Hong Kong Organizer of Tiananmen Vigil Released on Bail

Reuters
By Reuters
June 5, 2021Hong Kongshare
Hong Kong Organizer of Tiananmen Vigil Released on Bail
Vice-chairwoman of Hong Kong Alliance in Support of Patriotic Democratic Movements of China, Chow Hang Tung, poses with a candle ahead of the 32nd anniversary of the massacre of pro-democracy demonstrators at Beijing's Tiananmen Square in 1989, in Hong Kong, on June 3, 2021. (Lam Yik/Reuters)

HONG KONG—Hong Kong activist Chow Hang Tung was released on bail on Saturday, a day after she was detained on suspicion of promoting an unauthorized assembly to commemorate the 1989 Tiananmen Square Massacre on pro-democracy activists in Beijing.

Police arrested Chow, vice-chairperson of the Hong Kong Alliance in Support of Patriotic Democratic Movements of China, alleging she promoted an unauthorized assembly early on Friday morning.

“There’s no logic in that. It’s a completely absurd charge, [a] complete abuse of power. I reject all the allegation,” she told reporters outside the police station.

The ban on the vigil and at least six arrests came amid growing concern in the pro-democracy movement and internationally about the suppression of the semi-autonomous city’s traditional freedoms, notably a national security law imposed by Beijing last year.

NTD Photo
Vice-chairwoman of Hong Kong Alliance in Support of Patriotic Democratic Movements of China, Chow Hang Tung, holds a candle beside the “Pillar of Shame,” mourning those who died during the June 4 military massacre of the pro-democracy movement at Beijing’s Tiananmen Square in 1989, inside the campus of the University of Hong Kong, on May 2, 2021. (Tyrone Siu/Reuters)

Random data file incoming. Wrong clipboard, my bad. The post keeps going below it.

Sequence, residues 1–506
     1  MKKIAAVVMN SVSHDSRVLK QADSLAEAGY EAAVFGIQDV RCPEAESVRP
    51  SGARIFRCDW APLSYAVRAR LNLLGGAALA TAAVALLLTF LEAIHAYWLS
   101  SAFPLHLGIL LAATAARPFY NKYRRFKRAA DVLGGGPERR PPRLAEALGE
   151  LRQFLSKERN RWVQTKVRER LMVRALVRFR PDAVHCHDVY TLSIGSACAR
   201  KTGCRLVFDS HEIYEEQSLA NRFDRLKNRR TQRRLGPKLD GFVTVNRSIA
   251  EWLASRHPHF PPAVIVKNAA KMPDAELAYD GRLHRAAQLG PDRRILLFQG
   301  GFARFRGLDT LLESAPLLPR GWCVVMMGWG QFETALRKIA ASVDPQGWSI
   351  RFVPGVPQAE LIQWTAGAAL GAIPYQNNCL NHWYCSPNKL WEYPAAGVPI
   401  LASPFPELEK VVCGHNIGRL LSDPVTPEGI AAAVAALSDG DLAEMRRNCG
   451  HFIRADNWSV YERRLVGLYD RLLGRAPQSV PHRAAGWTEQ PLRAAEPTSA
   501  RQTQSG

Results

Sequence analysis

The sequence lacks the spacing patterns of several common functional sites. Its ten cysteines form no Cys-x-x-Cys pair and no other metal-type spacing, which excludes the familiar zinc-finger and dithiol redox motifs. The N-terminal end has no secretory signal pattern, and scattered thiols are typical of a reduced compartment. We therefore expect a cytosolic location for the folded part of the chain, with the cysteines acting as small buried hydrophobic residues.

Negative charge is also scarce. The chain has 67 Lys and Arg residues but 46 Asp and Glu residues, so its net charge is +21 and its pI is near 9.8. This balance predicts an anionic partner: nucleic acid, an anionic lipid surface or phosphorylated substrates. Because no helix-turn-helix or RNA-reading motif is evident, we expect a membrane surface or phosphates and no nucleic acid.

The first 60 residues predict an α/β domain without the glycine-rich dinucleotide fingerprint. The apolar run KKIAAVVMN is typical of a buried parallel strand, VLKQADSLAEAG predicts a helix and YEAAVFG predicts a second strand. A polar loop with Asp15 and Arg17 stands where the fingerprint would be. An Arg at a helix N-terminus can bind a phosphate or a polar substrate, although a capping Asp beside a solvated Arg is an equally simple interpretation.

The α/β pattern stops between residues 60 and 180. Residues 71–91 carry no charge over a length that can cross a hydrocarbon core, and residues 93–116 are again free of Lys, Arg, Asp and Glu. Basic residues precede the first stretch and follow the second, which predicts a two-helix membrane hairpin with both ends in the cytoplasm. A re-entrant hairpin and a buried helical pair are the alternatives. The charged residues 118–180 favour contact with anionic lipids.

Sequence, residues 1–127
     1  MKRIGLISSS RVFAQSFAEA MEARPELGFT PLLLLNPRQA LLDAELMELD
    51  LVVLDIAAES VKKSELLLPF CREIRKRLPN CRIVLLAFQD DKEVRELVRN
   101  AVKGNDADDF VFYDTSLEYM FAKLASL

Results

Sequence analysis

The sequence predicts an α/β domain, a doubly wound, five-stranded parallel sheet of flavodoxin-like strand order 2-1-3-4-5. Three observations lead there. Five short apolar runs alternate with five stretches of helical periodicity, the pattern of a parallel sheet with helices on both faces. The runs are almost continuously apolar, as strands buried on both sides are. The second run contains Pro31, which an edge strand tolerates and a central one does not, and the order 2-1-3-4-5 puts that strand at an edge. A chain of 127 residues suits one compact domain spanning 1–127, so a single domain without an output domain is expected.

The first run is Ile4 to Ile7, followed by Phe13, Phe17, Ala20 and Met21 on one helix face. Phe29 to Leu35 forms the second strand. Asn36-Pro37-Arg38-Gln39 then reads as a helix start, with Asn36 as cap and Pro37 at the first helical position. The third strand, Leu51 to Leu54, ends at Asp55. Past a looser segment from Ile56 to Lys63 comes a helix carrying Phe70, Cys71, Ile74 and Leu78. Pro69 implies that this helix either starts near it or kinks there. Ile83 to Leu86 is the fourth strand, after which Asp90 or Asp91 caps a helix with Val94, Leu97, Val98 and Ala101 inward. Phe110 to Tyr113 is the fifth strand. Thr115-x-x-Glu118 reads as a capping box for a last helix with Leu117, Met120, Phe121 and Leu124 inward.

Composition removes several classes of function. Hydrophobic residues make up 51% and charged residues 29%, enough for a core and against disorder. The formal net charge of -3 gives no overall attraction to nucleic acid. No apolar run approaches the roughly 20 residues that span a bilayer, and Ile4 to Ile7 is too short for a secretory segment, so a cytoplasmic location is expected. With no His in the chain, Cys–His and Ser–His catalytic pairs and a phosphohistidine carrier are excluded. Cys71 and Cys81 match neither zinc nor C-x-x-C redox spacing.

“I want to tell all who participated in this suppression of the Tiananmen remembrance event this year…don’t hide behind the technical provision of the public order ordinance anymore,” Chow said.

“Open your eyes and see what you are actually doing, what you are actually doing is to cover up the crime of the killers in 1989.”

Friday saw the authorities sealing off Victoria Park, site of the world’s largest Tiananmen vigils for more than three decades, to enforce a ban on the annual assembly for a second year due to coronavirus restrictions.

police-in-hk
People hold candles and walk past police officers near Victoria Park, a place in the past years for people to gather during a candlelight vigil to mark the anniversary of the military massacre of a pro-democracy student movement in Beijing, in Hong Kong, on June 4, 2021. (Vincent Yu/AP Photo)

Some churches opened their doors for memorial masses for the victims of Tiananmen, with people filling up the venues amid fears of being arrested on the streets. In an unprecedented diplomatic gesture amid the police ban on the vigil, candles flickered in the windows of the United States consulate and European Union office in the city.

Before her arrest, Chow told Reuters that June 4 was a test for Hong Kong “of whether we can defend our bottom line of morality.”

“As long as they haven’t said candles are illegal, we will light a candle,” she said.

tiananmen-anniversary-hk
People light LED candles to mark the anniversary of the military massacre of a pro-democracy student movement in Beijing, outside Victoria Park in Hong Kong, on June 4, 2021. (Kin Cheung/AP Photo)

Although she could not light a candle while in detention, she said she fasted during her detention.

Chow was released with cash bail HK$10,000 and due to report to the police station on July 5.

Lee Cheuk-yan, the alliance’s chairperson, is in jail for an illegal assembly in 2019. Chow herself is facing a charge of inciting and participating in an illegal assembly on June 4 last year.

By Jessie Pang

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